One of the reasons why I wanted to go back to Taiwan is I wanted to visit the National Palace Museum of Taiwan again. When I went there in 2007, it was a very rushed affair, only an hour or two and only the most precious exhibits were shown to us by the guide (a Filipino-Chinese who migrated to Taiwan). I barely had time to admire the paintings. When I view paintings, especially landscape paintings, I spend so much time staring at them to get the feel of the art work. So I told myself that when I get the chance to go back, I will be spending at least half a day to stare at paintings.

Well, because I am such an idiot, it took me some time before I figured out how to reach the Museum (after alighting from Shilin Station, Tamsui-Xinyi Line, I still had to look for the bus that goes directly to the museum). It was already 12 nn when I got there.

I figured that the best time to go there is between 10 am to 2 pm. By 3 pm it will be teeming with tourist groups. That can be annoying when you’re gazing at a painting and trying to contemplate the meaning of life in 10th century AD.

This Museum has an amazing collection of Chinese art since the treasures from the Imperial Palace in Beijing was carted off by Chiang Kai-shek to Taipei before the Japanese, and eventually the Communists, took over mainland China.

If I am not mistaken, this is Chiang Kai-shek

What I remember most about the exhibit there is the explanation of my guide about how jade became important to China and the origin of the Chinese character for jade (was a pictogram depicting an axe or some kind of weapon). My guide ten years ago said before the ancient Chinese discovered metals, they used jade as material for to make farming tools. Jade was just a stone, according to the guide, until a craftsman shapes it into being. A skilled artist can also use the imperfections of the jade to create something beautiful, like this lettuce jade, considered as one of the most important exhibit in the museum.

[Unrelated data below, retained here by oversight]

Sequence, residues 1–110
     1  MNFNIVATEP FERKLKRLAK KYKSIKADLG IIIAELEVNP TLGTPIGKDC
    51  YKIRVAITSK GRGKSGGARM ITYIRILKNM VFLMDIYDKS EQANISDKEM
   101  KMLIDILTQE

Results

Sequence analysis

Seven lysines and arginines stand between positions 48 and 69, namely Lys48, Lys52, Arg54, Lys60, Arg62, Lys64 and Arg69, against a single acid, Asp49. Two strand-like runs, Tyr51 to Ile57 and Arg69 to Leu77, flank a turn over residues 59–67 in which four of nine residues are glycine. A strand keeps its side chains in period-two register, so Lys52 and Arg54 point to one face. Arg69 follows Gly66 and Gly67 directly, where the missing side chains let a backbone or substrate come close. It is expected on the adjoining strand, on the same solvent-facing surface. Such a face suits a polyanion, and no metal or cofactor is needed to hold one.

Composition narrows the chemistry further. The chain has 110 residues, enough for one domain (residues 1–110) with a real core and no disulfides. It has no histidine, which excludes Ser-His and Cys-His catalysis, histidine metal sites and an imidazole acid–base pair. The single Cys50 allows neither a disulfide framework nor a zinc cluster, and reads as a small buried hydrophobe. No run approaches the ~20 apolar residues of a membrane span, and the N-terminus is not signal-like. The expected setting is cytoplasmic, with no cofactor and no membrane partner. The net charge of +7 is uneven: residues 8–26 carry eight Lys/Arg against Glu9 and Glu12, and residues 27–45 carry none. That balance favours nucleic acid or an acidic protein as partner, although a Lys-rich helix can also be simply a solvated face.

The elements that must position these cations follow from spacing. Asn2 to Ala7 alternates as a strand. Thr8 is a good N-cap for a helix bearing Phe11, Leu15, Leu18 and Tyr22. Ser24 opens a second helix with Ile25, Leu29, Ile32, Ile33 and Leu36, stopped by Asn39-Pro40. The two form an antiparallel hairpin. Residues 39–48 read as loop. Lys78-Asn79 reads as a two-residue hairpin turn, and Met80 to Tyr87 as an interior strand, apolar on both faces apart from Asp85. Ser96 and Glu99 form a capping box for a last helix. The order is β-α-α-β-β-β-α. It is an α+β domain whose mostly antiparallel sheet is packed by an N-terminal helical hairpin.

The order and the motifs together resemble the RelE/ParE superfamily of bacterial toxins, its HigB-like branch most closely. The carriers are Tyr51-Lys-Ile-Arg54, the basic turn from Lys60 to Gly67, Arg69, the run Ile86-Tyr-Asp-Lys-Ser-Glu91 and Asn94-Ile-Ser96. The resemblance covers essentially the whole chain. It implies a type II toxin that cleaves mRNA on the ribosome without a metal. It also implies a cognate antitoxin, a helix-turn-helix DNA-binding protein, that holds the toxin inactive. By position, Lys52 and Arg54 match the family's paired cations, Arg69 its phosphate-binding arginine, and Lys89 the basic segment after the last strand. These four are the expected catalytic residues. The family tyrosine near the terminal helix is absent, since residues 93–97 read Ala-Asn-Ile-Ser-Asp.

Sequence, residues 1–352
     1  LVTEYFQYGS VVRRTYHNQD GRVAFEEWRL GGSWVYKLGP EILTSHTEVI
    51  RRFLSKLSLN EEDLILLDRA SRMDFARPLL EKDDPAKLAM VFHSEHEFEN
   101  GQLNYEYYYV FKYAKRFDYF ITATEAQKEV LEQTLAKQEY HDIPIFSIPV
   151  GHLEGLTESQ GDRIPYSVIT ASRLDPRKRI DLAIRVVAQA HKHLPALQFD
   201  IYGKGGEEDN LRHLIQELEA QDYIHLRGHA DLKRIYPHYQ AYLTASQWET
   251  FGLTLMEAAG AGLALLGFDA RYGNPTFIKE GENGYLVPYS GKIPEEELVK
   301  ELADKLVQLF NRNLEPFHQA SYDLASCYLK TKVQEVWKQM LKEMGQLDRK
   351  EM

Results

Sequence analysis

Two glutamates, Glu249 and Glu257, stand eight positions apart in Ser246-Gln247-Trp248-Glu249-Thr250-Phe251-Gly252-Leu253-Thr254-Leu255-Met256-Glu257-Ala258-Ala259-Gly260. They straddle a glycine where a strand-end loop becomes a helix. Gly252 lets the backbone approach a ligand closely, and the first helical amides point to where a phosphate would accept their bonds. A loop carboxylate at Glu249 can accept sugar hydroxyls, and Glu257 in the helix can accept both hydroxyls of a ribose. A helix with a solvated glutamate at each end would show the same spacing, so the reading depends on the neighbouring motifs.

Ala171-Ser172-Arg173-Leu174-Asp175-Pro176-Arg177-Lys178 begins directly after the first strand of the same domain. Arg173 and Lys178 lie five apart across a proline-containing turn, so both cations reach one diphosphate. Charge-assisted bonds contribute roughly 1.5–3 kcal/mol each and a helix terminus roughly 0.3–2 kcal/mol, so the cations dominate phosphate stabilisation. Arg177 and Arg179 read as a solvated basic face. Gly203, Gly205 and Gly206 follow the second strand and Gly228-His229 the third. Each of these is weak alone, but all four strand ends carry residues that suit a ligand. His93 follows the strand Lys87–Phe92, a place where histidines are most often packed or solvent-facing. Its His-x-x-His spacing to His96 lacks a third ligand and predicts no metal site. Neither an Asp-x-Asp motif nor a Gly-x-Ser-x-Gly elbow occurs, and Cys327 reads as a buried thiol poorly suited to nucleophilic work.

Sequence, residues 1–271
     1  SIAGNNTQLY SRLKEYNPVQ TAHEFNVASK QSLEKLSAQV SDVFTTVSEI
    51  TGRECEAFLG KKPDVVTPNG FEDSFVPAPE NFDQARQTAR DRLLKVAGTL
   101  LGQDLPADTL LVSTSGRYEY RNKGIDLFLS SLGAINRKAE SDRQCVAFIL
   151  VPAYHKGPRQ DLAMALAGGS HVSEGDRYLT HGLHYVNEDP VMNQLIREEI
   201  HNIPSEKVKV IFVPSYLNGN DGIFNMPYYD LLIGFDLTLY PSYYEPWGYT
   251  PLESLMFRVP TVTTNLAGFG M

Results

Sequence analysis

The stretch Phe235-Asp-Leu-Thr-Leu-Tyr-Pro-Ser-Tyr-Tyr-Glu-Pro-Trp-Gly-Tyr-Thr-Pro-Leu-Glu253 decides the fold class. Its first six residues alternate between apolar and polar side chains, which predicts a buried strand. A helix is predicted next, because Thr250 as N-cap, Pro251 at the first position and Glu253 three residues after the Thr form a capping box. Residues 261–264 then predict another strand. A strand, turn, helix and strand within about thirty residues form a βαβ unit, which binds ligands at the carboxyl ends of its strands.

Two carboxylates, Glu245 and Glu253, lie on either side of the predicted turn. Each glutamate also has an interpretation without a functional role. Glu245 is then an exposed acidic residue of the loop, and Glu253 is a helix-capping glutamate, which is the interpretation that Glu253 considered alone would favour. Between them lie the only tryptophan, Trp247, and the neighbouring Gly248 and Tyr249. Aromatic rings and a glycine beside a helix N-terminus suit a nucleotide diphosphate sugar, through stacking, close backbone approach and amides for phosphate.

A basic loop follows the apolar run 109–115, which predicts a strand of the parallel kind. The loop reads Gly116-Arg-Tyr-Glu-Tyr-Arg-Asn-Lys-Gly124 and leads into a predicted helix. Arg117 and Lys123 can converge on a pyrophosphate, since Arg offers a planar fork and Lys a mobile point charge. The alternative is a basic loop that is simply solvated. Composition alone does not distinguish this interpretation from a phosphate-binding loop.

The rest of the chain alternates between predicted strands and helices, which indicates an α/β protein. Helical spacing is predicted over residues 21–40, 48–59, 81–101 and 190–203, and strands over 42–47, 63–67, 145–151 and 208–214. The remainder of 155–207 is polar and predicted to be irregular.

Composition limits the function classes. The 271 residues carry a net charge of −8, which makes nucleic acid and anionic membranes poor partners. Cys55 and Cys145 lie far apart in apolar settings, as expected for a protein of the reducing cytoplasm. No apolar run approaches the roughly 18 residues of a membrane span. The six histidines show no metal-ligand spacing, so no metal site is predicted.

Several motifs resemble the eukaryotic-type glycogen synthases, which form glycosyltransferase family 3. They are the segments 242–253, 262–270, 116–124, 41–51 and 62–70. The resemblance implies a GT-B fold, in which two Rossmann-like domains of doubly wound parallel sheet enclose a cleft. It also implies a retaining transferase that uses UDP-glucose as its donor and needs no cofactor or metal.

An ex-colleague of mine, who thought I was ethnic Chinese, said a woman of age must have jade jewelry in her collection so I ought to have some kind of jade bracelet or earrings. But I said I will not fork a fortune for such things. Hahaha. Real jade is expensive.

So you could only imagine how this screen must have cost. The label says this was “given” (quotations mine) to the Emperor of Japan during the war and was returned to Taiwan in 1945, after the war officially ended.


Here is a slideshow of the rest of the exhibit


I spent the longest time in the scroll paintings section of the museum. Among the different forms of visual art, I am drawn most to paintings since I dabbled in it when I was younger (charcoal, water colors, a bit of oil but was a failure in that). This painting (I forget what it’s called but the subject is a scholar in a meadow) is not the prettiest among the bunch but this has resonated with me the most. I could almost feel the wind blowing against the grasses and scholar’s robes. I was transported back in time to that meadow, to that moment when the scholar was taking his walk, contemplating about or searching for something.


Here are some paintings from the collection.

Ancient Chinese paintings

There are a lot of pretty things inside the Museum (about three floors of exhibits) and every now and then they have to take some collections out of storage because the thousands of treasures they have in their vaults cannot be displayed in the museum all at once. When I was there, they had the Tibetan Buddhist Art, Buddhism in China, The Mongol Princess collection (a collection by a Mongolian princess during a brief occupation of the Mongols) and some exhibits I didn’t bother visiting because it was already getting crowded with group tours and school children.

After four or five hours, I went back to Shilin station and hunted for something to eat (forgot to have lunch since I had brunch). I saw a long queue for this one near the MRT station.


And decided to check it out. I just pointed to the lady flipping the “pizza” which toppings I wanted. It was greasy but not bad for a streetfood in the middle of the city.


I had enough time to kill before meeting an editor for dinner that night. A quick jaunt at the Shilin Night Market wouldn’t hurt.


It was quite early to do a night market but there was something to see already at around 6:30 pm. Some clothes, a lot of cellphone accessories, toys and some souvenirs. This market is targeting tourists. And yes, some Studio Ghibli items too.


After that quick run, I went to this shabu-shabu place along Civic Road and how I found the place, I don’t know. Google Maps saved me. I got back to my hotel at almost 12 pm. Last trains I think run at 11 pm.


This is how the subway at the Taipei Main Station looks like at 11 pm.

*to be continued